We leave time to gather, and that’s becoming less and less over time because fewer people are late because their last meeting went over. We do leave about five minutes in our agendas to gather and review the agenda though.  

The other thing that’s a constant in all our meetings are closed-loop actions. We’ve created an acronym, EWBEWBEW, around closed loop actions. What EWBEWBEW stands for is: Exactly what? By exactly who? By exactly when? So, we leave at least five minutes at the end of every meeting for EWBEWBEWs to determine who’s doing what? What are they actually going to do? Answering those questions creates accountability.  

Quartz Network: When you’re constantly trying to take notes while people are still talking, you lose some information just because you’re trying to get it all down. So, anything that someone could send beforehand, or even a simple guideline would be helpful. 

Paul Hevesy: Exactly right. If you’re leading a meeting, identify someone else in that meeting to take notes. And someone to catalogue all the closed-loop actions or EWBEWBEWs. If you’re running a meeting, and you’re also trying to keep the meeting on track timewise and take notes and all those types of things, it’ll be really challenging. So, somebody lead the meeting, somebody keep everybody on time, somebody keep the agenda moving, somebody take notes, and you’ll end up having a much more engaged meeting.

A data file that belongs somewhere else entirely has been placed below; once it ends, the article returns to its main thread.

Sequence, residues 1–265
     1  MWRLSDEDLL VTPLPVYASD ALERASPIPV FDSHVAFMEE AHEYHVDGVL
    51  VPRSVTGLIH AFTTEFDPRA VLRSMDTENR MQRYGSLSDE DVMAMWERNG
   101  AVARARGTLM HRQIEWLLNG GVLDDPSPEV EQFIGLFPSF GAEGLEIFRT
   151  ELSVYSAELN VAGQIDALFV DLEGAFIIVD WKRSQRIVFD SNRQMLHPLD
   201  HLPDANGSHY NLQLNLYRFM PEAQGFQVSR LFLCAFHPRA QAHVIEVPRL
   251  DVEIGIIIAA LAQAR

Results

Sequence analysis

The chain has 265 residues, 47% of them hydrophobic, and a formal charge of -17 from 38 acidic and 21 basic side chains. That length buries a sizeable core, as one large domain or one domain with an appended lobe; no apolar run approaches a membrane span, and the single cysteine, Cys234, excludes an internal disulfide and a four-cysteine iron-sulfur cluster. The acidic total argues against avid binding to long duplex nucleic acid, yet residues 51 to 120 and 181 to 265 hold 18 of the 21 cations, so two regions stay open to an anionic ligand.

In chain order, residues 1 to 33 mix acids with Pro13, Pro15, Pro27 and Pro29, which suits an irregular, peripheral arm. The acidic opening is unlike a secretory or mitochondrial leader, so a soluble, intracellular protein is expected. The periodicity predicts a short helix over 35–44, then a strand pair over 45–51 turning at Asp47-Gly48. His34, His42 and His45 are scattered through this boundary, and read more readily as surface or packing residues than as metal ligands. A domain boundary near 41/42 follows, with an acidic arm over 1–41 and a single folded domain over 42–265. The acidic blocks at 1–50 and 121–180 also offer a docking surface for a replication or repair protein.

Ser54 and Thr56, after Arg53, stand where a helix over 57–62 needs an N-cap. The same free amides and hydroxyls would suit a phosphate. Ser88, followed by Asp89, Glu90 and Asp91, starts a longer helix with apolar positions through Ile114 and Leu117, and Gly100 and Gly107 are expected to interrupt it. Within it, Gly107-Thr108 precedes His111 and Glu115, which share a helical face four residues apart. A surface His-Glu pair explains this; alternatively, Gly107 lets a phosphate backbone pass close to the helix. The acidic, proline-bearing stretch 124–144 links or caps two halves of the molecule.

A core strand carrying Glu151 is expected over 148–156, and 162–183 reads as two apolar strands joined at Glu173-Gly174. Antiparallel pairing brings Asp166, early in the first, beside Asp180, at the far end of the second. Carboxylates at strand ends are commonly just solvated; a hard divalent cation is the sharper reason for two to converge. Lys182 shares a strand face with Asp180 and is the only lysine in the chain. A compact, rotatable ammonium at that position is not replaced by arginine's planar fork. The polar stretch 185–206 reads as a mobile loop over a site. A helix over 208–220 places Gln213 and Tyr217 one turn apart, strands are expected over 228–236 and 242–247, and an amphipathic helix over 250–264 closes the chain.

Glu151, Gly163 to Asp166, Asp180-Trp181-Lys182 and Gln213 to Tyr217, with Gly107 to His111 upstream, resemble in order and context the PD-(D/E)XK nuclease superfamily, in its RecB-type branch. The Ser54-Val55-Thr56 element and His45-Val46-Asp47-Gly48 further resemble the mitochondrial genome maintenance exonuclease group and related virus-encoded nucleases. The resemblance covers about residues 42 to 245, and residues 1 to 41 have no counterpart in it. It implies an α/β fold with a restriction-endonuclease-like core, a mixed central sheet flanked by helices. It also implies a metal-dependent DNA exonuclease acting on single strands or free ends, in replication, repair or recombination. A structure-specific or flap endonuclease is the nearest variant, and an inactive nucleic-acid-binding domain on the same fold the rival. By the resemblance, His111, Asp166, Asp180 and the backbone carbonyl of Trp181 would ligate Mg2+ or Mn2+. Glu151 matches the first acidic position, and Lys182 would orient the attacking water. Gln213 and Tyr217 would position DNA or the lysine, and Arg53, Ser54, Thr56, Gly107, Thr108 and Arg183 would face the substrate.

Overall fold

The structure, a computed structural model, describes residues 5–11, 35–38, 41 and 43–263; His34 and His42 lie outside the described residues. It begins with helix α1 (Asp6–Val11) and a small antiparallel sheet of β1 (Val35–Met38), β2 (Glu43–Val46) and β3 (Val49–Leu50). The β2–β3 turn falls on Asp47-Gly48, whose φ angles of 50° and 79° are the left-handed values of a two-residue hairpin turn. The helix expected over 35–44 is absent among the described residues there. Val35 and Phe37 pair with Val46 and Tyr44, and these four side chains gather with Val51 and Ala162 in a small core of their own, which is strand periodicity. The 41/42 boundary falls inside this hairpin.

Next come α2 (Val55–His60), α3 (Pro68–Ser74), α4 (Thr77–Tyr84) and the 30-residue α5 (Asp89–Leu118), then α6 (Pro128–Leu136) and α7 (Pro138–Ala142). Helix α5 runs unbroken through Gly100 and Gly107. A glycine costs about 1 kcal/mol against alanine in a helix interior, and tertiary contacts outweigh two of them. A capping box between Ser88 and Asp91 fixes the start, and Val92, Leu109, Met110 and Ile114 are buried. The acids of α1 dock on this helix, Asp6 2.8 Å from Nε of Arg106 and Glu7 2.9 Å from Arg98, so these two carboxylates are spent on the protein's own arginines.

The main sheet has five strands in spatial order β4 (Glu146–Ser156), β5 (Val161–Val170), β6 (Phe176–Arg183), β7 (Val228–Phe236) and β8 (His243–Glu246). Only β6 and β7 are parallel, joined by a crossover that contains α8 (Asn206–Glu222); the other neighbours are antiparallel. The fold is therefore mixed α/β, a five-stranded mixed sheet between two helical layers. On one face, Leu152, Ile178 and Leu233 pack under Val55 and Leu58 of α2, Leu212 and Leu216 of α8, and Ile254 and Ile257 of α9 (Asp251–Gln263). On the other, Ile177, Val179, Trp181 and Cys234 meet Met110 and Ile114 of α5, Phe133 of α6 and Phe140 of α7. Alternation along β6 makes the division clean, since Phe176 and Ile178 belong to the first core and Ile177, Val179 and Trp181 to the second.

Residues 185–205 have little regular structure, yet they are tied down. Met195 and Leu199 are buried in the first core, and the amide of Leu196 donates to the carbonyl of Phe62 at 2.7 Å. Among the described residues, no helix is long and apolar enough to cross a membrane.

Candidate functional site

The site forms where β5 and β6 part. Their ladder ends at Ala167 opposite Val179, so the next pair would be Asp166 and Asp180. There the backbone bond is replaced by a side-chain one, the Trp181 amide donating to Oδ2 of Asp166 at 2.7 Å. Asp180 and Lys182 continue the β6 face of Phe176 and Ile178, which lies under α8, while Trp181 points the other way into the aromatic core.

Quartz Network: When it comes to virtual meetings, do you notice a difference in effectiveness when people are all on screen versus calling in by voice? 

Paul Hevesy: I haven’t seen a huge impact. One is not necessarily better than the other as long as everybody shows up knowing what they’re trying to accomplish. 

Quartz Network: What is one thing that leaders should do today if they’re looking to improve their meeting culture? 

Paul Hevesy: Take an account of what’s on your calendar and make some decisions. The first and best thing to do is to say to yourself, I don’t need 60, I’m going to make it 45. I don’t need 30, I’m going to make it 25. And hold yourself to that.  

The second thing is to make sure every meeting you created has an agenda. What’s my purpose? What are people going to get out of it? What’s the payoff? And what are we going to cover? If you take the time to do that, you’ll start to see very quickly that you have more confidence as someone leading that meeting. It also allows you to speak up courageously when things get off track. You can acknowledge the importance of the comment and offer to discuss it in another meeting but remind them that you need to stick to the agenda. When you have an agenda, you can do that. So, look at your next two weeks for meetings that need an agenda and ask, “Do I need that meeting?” We’ve had a lot of leaders who’ve gone through this with us come back and tell us they canceled that meeting, or they didn’t need it every week and moved it to once a month.